Highest Magnification At The Highest Resolution With A Highly Powered Electron Microscope
The problem with magnifying an image boils down to two things: power and scale. First, will the magnifying instrument have enough power to condense reflected light and present a microscopic view of the same? Second, will such power be enough to produce a scale that is both clear and precise? These two requisites have been the problem of most microscope models throughout the centuries. Some models fail to possess the power required for the undertaking, and users are limited to a specific magnification level only. Some models were able to muster enough power to magnify the view of a specimen's surface, but the scale becomes too grainy to be studies with accuracy.
An electron microscope solves the need for both these requisites. Powered by highly charged electrons as opposed to conventional optic microscopes which are powered only by certain light sources, an electron microscope is capable of displaying images at amazing clarity even in the most magnified scales. Such a feature makes a lot of things possible:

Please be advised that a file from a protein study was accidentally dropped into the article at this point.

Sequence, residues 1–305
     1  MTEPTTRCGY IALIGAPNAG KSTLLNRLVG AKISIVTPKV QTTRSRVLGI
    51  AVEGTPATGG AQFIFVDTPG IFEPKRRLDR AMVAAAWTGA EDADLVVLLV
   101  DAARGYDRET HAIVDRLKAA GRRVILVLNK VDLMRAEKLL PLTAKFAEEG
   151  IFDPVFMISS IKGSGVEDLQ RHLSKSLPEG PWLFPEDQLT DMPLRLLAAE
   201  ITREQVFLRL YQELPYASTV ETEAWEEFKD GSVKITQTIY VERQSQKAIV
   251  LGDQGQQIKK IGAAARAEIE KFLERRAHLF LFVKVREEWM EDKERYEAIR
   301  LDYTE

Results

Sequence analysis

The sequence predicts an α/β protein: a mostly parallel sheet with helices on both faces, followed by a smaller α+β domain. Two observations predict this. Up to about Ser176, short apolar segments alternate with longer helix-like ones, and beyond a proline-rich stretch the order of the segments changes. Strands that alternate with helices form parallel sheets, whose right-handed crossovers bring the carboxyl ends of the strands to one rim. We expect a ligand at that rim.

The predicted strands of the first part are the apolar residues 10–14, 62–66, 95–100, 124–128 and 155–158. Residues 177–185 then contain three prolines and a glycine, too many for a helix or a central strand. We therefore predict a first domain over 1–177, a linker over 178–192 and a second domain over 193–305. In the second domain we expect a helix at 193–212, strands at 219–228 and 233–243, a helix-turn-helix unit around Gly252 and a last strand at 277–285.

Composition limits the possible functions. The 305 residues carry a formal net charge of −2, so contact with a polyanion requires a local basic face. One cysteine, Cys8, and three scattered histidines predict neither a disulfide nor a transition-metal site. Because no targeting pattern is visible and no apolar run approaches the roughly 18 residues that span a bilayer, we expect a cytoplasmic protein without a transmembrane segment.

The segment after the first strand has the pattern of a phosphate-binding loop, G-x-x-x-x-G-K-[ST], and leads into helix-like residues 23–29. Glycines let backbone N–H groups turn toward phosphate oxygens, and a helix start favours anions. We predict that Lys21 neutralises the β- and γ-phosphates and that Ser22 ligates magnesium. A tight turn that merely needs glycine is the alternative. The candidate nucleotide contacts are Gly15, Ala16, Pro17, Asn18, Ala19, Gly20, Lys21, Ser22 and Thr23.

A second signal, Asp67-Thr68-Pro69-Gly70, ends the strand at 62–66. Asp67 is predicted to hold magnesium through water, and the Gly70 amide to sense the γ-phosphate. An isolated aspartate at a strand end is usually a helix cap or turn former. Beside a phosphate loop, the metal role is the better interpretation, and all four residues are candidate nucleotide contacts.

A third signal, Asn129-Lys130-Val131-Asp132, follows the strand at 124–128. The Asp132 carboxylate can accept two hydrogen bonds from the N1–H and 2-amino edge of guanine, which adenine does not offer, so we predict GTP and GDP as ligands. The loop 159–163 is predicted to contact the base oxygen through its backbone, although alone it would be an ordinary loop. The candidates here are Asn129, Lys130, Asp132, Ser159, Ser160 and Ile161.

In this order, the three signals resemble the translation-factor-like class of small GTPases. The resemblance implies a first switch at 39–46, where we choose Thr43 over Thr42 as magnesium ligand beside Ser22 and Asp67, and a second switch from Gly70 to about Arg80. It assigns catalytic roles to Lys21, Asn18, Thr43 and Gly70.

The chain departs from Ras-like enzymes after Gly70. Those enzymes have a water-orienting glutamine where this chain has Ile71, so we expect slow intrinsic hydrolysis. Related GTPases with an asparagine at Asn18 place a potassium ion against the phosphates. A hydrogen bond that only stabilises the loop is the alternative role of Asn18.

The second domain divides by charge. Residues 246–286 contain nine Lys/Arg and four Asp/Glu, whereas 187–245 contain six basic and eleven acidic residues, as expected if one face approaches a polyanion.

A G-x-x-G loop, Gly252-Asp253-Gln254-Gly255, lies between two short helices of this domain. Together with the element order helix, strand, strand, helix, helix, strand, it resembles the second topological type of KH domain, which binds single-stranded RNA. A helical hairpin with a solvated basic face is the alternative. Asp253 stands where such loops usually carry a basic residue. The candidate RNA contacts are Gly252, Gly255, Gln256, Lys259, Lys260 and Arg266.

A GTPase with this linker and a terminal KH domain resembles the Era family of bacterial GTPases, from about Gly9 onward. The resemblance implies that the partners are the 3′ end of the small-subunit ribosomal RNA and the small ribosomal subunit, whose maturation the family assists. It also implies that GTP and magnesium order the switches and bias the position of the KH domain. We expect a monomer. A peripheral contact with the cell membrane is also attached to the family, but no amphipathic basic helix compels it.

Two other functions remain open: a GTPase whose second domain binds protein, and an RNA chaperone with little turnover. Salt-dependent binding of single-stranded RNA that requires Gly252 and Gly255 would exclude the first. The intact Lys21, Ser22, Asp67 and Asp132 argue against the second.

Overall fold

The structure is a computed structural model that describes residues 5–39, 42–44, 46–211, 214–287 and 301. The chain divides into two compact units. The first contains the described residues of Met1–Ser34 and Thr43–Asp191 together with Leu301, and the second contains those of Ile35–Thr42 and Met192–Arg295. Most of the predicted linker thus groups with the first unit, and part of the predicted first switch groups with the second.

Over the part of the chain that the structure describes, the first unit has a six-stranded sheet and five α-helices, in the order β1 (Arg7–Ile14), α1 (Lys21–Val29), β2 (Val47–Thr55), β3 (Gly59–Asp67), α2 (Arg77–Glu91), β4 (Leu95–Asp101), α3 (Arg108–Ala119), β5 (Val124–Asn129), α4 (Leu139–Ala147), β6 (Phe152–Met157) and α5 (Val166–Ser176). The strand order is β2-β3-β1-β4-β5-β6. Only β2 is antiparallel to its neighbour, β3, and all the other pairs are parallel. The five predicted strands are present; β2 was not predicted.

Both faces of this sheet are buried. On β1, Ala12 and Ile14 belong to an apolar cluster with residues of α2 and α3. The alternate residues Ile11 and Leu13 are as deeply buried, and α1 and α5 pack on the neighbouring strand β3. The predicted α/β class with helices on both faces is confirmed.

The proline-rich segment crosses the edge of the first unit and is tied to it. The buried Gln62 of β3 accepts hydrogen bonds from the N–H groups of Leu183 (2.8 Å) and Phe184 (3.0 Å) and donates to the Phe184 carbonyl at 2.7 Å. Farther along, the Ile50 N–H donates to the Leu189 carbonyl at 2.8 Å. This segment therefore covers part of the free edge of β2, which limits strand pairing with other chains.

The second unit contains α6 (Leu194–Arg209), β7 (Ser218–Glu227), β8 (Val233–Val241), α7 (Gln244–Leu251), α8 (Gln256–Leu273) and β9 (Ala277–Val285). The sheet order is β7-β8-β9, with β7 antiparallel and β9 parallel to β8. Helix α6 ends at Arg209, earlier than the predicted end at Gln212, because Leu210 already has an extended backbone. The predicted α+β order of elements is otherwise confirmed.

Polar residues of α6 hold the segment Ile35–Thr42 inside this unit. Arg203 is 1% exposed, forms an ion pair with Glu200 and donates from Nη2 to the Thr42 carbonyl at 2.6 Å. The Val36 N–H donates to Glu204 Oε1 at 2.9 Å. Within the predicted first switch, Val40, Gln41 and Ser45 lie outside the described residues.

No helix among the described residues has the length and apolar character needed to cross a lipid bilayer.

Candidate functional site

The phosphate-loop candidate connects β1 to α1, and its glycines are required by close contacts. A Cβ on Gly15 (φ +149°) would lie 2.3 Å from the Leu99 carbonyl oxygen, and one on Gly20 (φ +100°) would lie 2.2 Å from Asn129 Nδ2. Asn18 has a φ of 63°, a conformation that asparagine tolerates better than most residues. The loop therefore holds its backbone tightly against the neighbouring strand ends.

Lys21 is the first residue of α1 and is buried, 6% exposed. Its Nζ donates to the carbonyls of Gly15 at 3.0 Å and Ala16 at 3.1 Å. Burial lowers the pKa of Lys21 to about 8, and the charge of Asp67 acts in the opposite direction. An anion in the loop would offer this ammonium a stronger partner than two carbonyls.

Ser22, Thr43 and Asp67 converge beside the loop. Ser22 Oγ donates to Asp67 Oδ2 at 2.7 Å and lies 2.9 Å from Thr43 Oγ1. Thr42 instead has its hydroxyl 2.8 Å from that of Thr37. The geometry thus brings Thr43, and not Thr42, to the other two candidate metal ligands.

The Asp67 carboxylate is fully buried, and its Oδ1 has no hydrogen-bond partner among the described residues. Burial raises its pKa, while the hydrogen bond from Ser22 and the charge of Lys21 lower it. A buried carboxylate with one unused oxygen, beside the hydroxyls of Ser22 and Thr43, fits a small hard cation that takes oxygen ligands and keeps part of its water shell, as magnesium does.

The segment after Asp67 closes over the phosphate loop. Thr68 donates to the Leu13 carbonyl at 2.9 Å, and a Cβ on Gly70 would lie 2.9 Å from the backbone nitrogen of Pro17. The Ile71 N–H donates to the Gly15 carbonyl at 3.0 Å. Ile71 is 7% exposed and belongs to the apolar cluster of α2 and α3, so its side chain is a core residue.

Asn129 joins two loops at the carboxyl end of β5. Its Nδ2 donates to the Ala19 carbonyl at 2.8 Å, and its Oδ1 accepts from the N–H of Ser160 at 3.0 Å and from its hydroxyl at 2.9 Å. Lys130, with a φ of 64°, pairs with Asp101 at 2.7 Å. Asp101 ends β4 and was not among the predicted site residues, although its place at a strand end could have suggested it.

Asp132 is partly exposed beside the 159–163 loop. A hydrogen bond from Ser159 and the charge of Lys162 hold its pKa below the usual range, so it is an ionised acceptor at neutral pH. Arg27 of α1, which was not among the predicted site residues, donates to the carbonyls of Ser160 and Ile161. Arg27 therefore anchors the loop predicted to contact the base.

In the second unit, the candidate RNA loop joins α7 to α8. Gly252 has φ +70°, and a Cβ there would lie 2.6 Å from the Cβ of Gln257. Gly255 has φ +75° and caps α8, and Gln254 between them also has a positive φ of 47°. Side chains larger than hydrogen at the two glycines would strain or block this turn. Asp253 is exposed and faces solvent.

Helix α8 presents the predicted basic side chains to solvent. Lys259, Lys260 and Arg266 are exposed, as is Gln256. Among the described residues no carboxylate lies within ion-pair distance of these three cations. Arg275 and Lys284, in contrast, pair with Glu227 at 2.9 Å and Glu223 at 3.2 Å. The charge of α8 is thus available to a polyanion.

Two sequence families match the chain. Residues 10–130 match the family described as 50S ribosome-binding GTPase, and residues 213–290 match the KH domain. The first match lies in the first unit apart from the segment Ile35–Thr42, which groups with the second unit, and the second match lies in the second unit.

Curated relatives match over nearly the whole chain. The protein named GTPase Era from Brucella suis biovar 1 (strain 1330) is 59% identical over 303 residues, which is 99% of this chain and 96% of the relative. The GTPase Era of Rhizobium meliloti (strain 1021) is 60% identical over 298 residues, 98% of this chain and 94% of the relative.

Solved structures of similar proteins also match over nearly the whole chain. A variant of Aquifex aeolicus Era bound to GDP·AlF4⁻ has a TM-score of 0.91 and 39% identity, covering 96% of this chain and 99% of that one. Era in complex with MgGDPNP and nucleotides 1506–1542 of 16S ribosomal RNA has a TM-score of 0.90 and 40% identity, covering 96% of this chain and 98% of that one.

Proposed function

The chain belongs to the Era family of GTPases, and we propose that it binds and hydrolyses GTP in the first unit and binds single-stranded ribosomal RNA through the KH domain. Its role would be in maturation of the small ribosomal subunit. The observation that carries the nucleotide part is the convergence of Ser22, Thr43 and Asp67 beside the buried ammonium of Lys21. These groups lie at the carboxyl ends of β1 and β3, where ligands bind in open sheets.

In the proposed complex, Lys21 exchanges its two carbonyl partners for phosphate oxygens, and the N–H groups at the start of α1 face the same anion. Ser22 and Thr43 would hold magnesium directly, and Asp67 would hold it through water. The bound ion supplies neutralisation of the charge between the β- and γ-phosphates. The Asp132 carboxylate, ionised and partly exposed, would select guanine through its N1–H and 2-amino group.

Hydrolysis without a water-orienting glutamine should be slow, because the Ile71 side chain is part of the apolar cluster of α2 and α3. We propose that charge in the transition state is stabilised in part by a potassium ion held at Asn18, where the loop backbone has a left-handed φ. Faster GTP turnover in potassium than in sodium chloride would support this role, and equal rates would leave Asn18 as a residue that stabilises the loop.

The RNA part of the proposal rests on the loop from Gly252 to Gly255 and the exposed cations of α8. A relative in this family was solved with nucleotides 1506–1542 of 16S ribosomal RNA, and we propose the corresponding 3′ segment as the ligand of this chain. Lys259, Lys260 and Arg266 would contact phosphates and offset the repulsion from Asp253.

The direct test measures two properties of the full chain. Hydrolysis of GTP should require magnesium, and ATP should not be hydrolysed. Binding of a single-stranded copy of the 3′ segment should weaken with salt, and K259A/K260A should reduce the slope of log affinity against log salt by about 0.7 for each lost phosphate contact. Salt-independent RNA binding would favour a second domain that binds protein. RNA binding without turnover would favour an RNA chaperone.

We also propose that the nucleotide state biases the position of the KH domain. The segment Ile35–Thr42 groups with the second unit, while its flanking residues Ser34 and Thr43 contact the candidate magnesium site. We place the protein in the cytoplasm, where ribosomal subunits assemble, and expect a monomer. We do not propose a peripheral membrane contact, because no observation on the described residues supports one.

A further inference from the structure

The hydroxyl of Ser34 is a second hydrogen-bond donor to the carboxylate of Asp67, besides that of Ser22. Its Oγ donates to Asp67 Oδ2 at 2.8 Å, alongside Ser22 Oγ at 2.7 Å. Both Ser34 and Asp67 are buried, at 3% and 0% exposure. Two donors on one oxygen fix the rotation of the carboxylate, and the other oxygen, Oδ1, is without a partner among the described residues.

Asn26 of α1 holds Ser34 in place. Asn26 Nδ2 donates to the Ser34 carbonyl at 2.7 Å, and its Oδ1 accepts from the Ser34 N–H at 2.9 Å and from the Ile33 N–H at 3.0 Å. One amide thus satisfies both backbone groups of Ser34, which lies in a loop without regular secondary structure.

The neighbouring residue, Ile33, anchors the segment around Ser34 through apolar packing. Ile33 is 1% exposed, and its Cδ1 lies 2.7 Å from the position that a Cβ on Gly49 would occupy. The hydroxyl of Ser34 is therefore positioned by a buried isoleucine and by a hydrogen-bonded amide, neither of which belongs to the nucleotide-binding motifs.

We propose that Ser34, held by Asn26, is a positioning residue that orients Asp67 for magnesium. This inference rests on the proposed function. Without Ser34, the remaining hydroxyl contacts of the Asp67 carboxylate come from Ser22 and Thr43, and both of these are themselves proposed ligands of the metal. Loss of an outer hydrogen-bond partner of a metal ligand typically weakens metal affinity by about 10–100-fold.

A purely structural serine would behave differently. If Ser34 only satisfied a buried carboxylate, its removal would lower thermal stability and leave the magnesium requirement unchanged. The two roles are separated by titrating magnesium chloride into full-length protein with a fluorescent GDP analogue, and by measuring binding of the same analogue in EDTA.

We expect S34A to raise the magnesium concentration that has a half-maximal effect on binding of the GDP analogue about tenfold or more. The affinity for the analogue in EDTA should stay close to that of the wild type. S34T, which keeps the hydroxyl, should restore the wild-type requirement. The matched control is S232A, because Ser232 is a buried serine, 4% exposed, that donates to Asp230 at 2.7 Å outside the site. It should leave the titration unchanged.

* The texture of an object is preserved even at full magnification. This allows a closer study of the material properties of a specimen's surface.
* The physical features of the materials that make up the specimen's surface can be displayed with accuracy. Distinguishing and determining their type can be accomplished with more precision.
* The composition of the said materials can better be observed given the electron microscope's immense power.
* Subatomic levels can likewise be studied, and this will shed light on the actual make of certain materials.
An electron microscope derives its power from an electron source. Thereafter, it projects the same via a well-focused and highly concentrated beam guided by lenses and apertures unto the specimen being studied. The specimen is irradiated, and light at great degrees is reflected back to the observing eye. This gives a better view of the subject at a microscopic level.
Indeed, electron-powered microscopes emerged as solutions to the ever increasing limitations of optic microscopes. Whereas before, people were limited to viewing certain magnification, nowadays, electron makes very high magnifications at very high resolutions possible.
If you have the choice between an electron-powered microscope and the conventional variety, and if you're involved in an industry that requires meticulous precision and accuracy when it comes to empirical undertakings, then do choose the former. It may cost a little more than optical microscopes, but the benefits you will receive from the same will serve you better in the long run.
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